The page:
How To Increase Your One Rep Max Without Cracking Your Ribs.

I was working out with my two cousins and one of them was barely getting back into the groove of working out for about two months or so. And this guy always wanted go heavy and do his one rep max for the bench press, and since he has spotters now, he can finally do it.

However, it seemed like this guy did not need that much of a warm up, which is not very wise because you can really mess up your joints and body if you lift heavy too often without warm up. In fact, with proper warm up, you should be able to lift more.

Before performing it, the warm-up for the one rep max is absolutely crucial. It is absolutely crucial for you to warm up your muscles and neuromuscular system before lifting that heavy load.

BUT DO NOT warm-up so much that your muscles are exhausted and you drop the huge load and crack your ribs! That will decrease your one rep max. For the average person, about 5-7 total warm-up sets are probably optimal and more than that may start to exhaust your muscles.

Now I know everyone is different, so here is how your warm-up typically looks like. The first set should feel very easy, about ten easy reps or so just to get your juices flowing.

After that, the next 2 through 3 sets should be about 5 reps, a little more resistance, but gradually increasing the weight. Again, you are different and so is everyone else so you will have to determine what is right for you.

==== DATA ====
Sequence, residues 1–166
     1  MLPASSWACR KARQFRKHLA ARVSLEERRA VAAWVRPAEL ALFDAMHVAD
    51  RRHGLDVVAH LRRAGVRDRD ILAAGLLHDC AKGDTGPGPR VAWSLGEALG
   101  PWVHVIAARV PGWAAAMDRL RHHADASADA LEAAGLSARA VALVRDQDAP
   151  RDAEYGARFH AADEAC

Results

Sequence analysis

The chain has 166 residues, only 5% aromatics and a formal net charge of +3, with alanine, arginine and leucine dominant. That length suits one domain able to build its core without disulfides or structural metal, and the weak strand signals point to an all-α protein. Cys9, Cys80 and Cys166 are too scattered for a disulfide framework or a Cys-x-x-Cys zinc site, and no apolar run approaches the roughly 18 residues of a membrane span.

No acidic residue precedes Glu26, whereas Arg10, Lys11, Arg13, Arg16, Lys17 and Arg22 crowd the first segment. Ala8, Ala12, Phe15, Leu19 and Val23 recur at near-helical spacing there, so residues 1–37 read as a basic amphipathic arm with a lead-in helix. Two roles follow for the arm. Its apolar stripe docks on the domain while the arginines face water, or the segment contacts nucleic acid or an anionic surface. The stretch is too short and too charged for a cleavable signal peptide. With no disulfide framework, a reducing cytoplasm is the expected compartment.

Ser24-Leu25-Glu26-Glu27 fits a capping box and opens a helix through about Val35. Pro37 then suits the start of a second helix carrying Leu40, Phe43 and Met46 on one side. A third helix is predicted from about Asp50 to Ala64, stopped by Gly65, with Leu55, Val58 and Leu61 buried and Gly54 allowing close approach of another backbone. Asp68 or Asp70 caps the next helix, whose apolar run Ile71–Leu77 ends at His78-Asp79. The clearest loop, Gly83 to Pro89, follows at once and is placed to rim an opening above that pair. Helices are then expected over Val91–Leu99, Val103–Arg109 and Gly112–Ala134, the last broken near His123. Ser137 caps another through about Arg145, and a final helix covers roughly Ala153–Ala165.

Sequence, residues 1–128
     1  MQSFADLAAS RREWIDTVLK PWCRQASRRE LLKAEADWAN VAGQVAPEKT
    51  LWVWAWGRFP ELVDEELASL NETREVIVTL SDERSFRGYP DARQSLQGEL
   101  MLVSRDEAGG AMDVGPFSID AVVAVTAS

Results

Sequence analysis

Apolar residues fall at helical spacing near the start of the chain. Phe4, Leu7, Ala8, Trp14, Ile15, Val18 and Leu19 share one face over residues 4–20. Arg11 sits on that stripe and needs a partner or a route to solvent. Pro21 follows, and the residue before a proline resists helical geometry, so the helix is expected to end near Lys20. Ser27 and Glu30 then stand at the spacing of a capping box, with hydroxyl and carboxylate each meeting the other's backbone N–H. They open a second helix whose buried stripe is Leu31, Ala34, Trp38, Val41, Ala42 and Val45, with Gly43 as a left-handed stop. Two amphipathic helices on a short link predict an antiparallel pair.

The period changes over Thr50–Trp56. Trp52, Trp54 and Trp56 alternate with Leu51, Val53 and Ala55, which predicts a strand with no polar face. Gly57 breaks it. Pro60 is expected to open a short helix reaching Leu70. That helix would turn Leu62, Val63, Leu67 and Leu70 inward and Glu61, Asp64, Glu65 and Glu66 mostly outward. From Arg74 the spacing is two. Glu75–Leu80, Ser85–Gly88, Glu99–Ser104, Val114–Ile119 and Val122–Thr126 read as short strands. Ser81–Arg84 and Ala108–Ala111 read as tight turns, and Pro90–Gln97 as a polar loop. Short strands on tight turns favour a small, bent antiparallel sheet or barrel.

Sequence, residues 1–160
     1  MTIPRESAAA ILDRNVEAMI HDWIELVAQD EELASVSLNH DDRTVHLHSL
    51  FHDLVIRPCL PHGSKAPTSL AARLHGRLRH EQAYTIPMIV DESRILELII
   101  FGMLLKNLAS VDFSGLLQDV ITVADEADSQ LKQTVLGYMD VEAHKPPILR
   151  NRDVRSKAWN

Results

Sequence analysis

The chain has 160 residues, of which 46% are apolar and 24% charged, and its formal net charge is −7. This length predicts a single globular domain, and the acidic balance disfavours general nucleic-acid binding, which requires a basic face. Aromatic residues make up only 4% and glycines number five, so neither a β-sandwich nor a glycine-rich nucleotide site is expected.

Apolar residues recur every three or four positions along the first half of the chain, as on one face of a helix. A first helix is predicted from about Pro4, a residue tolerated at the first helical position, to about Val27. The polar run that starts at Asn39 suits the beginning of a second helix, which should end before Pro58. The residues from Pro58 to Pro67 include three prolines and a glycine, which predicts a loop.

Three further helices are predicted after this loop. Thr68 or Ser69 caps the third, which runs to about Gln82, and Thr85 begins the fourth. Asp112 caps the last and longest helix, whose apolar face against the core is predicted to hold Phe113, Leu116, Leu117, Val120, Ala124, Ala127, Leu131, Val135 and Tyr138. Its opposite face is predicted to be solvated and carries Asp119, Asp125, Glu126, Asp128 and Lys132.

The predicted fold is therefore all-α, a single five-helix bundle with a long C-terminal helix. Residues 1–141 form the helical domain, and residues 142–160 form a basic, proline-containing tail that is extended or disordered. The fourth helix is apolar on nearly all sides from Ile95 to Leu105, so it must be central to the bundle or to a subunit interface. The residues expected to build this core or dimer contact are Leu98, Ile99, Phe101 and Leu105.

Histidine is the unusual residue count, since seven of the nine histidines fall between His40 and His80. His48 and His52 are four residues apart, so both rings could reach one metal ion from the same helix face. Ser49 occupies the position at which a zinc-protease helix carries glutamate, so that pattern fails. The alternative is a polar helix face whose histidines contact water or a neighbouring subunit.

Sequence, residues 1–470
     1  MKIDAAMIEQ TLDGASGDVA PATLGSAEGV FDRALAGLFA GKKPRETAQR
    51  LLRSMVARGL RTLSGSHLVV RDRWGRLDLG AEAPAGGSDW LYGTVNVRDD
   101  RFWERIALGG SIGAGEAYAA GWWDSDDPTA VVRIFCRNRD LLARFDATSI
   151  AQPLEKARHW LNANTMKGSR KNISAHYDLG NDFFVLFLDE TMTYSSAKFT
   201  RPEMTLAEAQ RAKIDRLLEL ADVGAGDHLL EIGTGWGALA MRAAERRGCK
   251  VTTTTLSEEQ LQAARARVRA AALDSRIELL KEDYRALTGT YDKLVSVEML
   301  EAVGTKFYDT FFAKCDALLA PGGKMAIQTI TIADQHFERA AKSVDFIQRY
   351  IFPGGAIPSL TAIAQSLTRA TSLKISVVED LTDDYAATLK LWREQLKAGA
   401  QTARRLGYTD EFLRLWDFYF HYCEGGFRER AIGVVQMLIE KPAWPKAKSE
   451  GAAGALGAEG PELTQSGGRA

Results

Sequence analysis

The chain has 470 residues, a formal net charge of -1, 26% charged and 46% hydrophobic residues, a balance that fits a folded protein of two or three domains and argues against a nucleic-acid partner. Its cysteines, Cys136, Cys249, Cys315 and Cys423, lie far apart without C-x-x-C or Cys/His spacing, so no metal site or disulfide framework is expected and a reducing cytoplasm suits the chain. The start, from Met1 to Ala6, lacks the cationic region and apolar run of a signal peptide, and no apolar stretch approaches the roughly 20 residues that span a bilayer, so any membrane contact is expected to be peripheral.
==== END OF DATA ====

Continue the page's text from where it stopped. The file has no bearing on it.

And then gradually increase the weight for only one rep without overtiring your muscles for another 3 sets until you reach the maximal. Again, there is no set amount of weight you need to increase it by, you or an experienced coach should be the judge and have some strong spotters. Preferably one on each side if you lift REAL heavy!

According to the book Baechle TR, Earle RW. 2000. Essentials of Strength Training and Conditioning 2nd Ed. Champaign, IL: Human Kinetics., here is a safe, proper, and rough generalization of determining your one rep max.

If you can lift a certain amount of weight, lets say 10 times maximum with good form. You multiply that weight by a factor of 1.33. So if you can lift 225 pounds ten times with good form, you multiply 225 pounds by 1.33 and voila! your max should be around 299.25 pounds.

8 times maximum, multiply your load by 1.25; 5 times maximum, multiply your load by 1.15; 3 times maximum, multiply your load by 1.08. Again, this is just a generalization. Ultimately it’s going to be you and your coach who will determine what you can and can’t lift.